California has a flood of bud, but that’s not good for cannabis growers

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“Since sales started in 2018, we've been waiting for this inflection point,” says Leafly Senior Editor David Downs about cannabis prices in California. Photo courtesy of David Downs/Leafly.

If you’ve been to your local dispensary lately, you may have noticed your favorite bud is cheaper than usual. Sure, the total balance on your receipts may still be high, but that’s usually thanks to high state and local taxes, not the flower. However, while you may be enjoying the cheaper prices, someone else is feeling the heat: farmers. 

Supply and demand economics appears to be favoring consumers in California’s cannabis market. That’s because an increasing number of growers have been producing more weed than stores know what to do with. 

Leafly Senior Editor David Downs talks to KCRW about it. 

KCRW: This summer appears to be a lot different than last year when it comes to pricing. What’s changed?

David Downs: “There's a lot of affordable, tested cannabis flower to smoke at lower prices, which is what legalization initially promised. That's new and different from last year. 

Last year, we were in a cannabis drought that was brought on by both COVID demand and a lack of legal supplies. … On the westside of LA, we were seeing dispensaries like the Higher Path with ounces at $140 and half ounces at $55. [We were] seeing similar price ranges at the Pottery and Herb and Med Men Venice, which gets pilloried for prices.

That's really competitive with the illicit market. … At the lower end, legal cannabis can now provide the number one value proposition of the illicit market, which was low prices. And that's on top of convenience, legality, testing and safety. Since sales started in 2018, we've been waiting for this inflection point, and the question now is whether things will continue to change.”

Why have prices dropped?

“Because we have 7,911 farm licenses for cannabis in California. Experts think that translates to roughly 1,700 acres of cannabis production that's actually operational. At the same time, there might only be 1,000 acres worth of sales going on at legal stores. So, basic supply and demand still holds. 

Farmers had a really great 2020 outdoor harvest of which they held on to a lot, and they're trying to unload it this year. What they're encountering is even more cannabis that [grew] this spring that is coming into stores. And [there’s] more cannabis that's coming in from the harvest this year behind it. 

Structurally, the farmers are saying [they’re] seeing an oversupply problem and the illicit market. And that's going to continue to drive prices down.”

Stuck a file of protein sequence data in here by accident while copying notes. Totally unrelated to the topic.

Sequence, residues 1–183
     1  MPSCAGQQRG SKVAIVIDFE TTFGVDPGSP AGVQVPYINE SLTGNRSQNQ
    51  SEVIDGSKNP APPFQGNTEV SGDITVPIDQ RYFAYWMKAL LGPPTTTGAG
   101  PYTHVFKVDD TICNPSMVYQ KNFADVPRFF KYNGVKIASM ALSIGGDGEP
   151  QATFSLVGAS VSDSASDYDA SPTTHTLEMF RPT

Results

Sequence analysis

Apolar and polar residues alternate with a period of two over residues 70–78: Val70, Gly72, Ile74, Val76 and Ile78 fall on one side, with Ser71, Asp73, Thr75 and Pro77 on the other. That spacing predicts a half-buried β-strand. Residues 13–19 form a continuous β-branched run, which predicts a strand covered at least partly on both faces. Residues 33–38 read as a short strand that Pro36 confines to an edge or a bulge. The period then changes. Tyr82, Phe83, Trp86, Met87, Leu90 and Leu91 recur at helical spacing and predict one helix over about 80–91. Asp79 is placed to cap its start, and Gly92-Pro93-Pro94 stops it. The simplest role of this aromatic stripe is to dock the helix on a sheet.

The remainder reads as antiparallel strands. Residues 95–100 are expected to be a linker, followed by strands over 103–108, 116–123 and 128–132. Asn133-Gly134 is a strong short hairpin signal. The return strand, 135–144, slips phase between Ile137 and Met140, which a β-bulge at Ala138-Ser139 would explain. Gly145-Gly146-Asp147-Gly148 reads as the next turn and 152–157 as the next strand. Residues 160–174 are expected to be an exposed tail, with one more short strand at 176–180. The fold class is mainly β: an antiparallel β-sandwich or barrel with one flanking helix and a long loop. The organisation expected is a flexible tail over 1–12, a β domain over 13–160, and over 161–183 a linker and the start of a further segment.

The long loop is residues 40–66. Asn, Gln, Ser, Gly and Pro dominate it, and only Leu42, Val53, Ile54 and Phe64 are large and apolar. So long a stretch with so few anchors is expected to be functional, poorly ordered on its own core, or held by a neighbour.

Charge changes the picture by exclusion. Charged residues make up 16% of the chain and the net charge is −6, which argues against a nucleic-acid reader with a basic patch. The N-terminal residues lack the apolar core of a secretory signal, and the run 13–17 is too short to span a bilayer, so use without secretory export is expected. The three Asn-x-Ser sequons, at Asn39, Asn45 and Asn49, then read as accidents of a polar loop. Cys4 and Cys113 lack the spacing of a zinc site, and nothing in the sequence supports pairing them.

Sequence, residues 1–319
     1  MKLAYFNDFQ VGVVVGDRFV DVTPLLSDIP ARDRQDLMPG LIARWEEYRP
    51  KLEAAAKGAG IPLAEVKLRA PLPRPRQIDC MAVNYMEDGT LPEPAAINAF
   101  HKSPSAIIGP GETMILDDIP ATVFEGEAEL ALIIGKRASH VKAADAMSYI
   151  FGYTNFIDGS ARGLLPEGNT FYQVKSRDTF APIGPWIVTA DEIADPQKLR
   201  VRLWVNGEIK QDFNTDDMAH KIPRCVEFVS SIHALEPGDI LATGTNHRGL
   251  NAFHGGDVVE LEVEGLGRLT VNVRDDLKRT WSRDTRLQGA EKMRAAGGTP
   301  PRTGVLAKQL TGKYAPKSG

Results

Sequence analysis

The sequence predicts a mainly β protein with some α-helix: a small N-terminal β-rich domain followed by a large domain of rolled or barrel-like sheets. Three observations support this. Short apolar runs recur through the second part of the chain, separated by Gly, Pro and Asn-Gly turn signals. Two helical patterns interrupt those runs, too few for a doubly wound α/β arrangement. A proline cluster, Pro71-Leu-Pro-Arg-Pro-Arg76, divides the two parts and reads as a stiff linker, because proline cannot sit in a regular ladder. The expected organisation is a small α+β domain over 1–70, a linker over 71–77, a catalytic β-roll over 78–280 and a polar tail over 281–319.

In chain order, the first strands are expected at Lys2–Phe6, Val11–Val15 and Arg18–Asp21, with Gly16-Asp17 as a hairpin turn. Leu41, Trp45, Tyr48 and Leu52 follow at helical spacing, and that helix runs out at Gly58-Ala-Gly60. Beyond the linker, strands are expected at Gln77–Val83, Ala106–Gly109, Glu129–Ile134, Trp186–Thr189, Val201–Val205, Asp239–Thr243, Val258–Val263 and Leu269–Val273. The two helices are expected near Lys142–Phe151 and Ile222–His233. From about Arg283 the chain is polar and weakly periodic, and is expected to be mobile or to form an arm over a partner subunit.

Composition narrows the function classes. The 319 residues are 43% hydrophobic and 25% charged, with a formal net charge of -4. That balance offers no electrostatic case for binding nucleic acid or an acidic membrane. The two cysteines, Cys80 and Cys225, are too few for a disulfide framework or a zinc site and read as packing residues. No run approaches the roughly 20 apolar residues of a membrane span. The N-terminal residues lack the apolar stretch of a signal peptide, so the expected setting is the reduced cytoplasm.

Is this something growers could see coming?

“I remember 10 years ago RAND researchers said, ‘Hey, we ran the numbers. And if you fully legalize cannabis, it can be one-tenth the price of cannabis at prohibition prices.’ And that's the case.

At the peak in the 90s, you could get $6,000 a pound for indoor OG Kush. Right now, farmers are reporting getting $600 a pound for that same strain. … The question was how fast and how soon those price declines would come for California [with] regulation and implementation.”

But that already happened in Oregon. In 2019, I went up there and bought an eighth ounce for $6. That's not $60 or $16 — $6. 

We're in this period of industrialization and economies of scale that have happened to every other plant on the planet previous to cannabis. And with prohibition lifting, that change is coming. That's been basically eight years in the making.”

What’s light deprivation, and how is it affecting the market?

“We're in August right now, and it’s the full season of outdoor cannabis plants. Cannabis is an annual plant that gets planted in the spring and usually gets harvested in the fall. That stuff is still ripening in the fields according to the timeline of the sun and the length of the night. 

But farmers figured out that you could trick the plant into flowering early by creating longer nights by depriving the plant of light. That is [done by] throwing tarps over a greenhouse while the day is still going, making the plant think that it's actually the fall and the night is really long. 

Light deprivation has revolutionized cannabis cultivation and will continue to do so. I think the future of cannabis grown in California will be grown in greenhouses year round, using these light deprivation techniques. 

It's only taken off over the last five or 10 years, and it's completely changed the game. Light deprivation cannabis will be sub-indoor quality in terms of the THC and the terpenes, but the savings from using the sun as well as hitting in different times of the season changed the game for consumers. They're going to be able to have the best year round and pay really low prices for it.”



Larry Perel


Tara Atrian